Five former playwriting students have plays in the KC Fringe Festival
Today, their plays are entertaining KC Fringe Fest audiences. But not too long ago, the five playwrights were students in the University of Missouri-Kansas City Theatre’s playwriting courses, working through re-write after re-write as they crafted compelling plays.
Playwright Frank Higgins runs the university’s playwriting courses. Over the course of the 11-day, anything-goes arts festival, he has attended two of his students’ plays. He hopes to attend the remaining three before the KC Fringe Festival ends on Sunday, July 29.
It’ll be an odd mix of performances, even by KC Fringe Fest standards. In “Invention of the Monster,” by Kyle Browning, a writer struggles to compose his next best seller. “Ice Cream Social…. Issues” by Natalie Liccardello showcases a dysfunctional family’s attempt at an intervention. “Pilgrimage” by Ry Kincaid is a rock musical based on “The Canterbury Tales,” and Scott Cox’s “Buck Hoss” tells the story of two preachers as they fight for power. A corporate retreat goes horribly, murderously wrong in Pete Bakely’s “Skillet Tag.
Though their styles are clearly different, there is one common thread – they were polished in UMKC’s playwriting courses.
Outside the classroom, Lecturer Higgins is best known as the author of “The Sweet By ‘n’ By” which was produced with Tony-winner Blythe Danner and Oscar-winner Gwyneth Paltrow; and “Black Pearl Sings!” which was produced with Tony-winner Tonya Pinkins.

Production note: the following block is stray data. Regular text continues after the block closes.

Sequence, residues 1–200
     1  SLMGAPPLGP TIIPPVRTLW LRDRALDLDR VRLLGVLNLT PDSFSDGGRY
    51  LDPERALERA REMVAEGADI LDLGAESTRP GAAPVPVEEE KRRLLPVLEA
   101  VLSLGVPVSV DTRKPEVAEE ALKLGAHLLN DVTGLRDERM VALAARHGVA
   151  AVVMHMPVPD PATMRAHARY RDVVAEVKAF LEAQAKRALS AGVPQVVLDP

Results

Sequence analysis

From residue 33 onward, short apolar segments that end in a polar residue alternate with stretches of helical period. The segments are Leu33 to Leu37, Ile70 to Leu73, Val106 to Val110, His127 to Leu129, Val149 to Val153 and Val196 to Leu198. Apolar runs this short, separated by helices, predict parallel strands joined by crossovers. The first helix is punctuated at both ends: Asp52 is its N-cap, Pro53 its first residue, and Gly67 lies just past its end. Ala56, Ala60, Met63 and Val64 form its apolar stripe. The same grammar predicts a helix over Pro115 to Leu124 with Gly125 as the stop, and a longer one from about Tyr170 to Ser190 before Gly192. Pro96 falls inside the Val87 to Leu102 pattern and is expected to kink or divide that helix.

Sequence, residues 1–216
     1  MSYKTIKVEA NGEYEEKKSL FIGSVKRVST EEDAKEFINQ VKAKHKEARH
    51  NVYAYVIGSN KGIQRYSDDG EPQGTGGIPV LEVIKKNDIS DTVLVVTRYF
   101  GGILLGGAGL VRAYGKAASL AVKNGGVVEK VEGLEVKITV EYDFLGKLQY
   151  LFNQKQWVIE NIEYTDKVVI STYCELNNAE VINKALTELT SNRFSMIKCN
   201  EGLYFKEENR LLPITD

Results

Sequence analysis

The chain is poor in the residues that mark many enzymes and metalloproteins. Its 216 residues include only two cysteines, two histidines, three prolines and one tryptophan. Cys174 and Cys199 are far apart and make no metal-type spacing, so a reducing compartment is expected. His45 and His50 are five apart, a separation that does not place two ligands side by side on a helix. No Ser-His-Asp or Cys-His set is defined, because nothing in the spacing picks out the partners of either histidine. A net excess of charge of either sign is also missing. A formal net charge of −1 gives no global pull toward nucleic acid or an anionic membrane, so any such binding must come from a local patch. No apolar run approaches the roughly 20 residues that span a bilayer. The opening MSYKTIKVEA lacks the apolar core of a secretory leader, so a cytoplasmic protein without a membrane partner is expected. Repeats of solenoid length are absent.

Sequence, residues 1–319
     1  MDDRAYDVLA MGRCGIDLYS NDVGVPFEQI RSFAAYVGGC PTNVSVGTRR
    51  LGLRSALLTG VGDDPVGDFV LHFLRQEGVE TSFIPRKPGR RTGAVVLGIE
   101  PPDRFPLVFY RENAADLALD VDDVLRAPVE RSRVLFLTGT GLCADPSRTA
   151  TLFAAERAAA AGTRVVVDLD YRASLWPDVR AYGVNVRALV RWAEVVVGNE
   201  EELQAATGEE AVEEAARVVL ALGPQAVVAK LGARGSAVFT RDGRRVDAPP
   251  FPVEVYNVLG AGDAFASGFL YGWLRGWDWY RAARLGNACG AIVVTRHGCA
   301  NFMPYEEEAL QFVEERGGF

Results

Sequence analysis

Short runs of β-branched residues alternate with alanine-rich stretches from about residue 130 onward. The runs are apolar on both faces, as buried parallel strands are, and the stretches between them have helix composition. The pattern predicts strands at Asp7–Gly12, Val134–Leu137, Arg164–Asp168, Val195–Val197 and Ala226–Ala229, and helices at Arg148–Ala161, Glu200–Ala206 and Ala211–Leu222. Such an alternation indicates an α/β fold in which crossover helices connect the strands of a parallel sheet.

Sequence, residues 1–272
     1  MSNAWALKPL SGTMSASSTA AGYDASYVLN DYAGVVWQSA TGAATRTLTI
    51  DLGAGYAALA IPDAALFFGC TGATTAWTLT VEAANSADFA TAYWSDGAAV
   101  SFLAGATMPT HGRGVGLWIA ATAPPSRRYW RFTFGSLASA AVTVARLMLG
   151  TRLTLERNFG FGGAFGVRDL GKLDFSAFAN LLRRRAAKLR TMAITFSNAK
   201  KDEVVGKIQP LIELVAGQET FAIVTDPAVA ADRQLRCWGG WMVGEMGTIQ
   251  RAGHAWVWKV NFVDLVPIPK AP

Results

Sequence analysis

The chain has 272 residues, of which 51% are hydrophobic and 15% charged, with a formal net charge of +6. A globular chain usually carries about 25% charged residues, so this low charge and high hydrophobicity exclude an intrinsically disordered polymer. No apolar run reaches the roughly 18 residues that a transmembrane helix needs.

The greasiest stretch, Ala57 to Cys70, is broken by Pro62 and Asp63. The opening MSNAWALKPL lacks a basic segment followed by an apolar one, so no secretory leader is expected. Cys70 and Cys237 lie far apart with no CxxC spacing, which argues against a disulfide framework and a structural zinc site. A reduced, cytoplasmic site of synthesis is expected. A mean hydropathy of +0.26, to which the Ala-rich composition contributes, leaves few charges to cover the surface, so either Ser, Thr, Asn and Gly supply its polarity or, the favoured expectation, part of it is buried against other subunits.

Inside the classroom, he’s known for his emphasis on collaborative, workshop-style feedback.
He also knows how to cut the fat.
“Frank has a laser eye for junk,” Bakely said. “He is really, really good at going into a script and helping you scissor down all the things that aren’t needed.”
That laser eye has tightened Cox’s writing significantly.
“You always find that you overwrite. It can be simple things like a tiny word,” Cox said. “I limit my scripts to what absolutely needs to be there.”
In playwriting, “junk” often comes in the form of words that look good on paper, but fall flat when read aloud.
“It matters that it’s not only pretty on the page, but that it’s plausible coming out of someone’s mouth,” Liccardello said.
Liccardello knows a thing or two about the importance of authentic dialogue. She co-wrote “Ice Cream Social… Issues” with her sister. Together, they created a play about imperfect characters and imperfect relationships, all in what Liccardello calls “a thinly-veiled poke” at society’s vilification of certain vices.
To make their writing feel real, the sisters would start with a bit of truth from their own lives, and go from there. Bakely used that same approach when he created “Skillet Tag,” a play about a corporate retreat gone wrong. In the play, co-workers literally tag one another with skillets.
Before he came to UMKC for his MA in Theatre, Bakely spent 15 years in the corporate world, where he endured his fair share of corporate retreats.
“It wasn’t like that at work,” Bakely said, laughing. “But it came from a real place.”
From first drafts to rehearsal edits, the five playwrights have reached arguably the best part of the process. They’re seeing their scripts come to life, and they’re hearing a live audience’s reaction.
The feedback has been somewhat surprising. Sometimes big jokes don’t get laughs, while little throw-away lines do. Sometimes there’s appropriate tension, other times a scene will fall flat. These reactions, ultimately, are the most valuable feedback of all.
For Kincaid, the author of the “Canterbury Tales” musical, the feedback has inspired confidence.
“Maybe there’s life beyond the Fringe Festival for this play,” Kincaid said.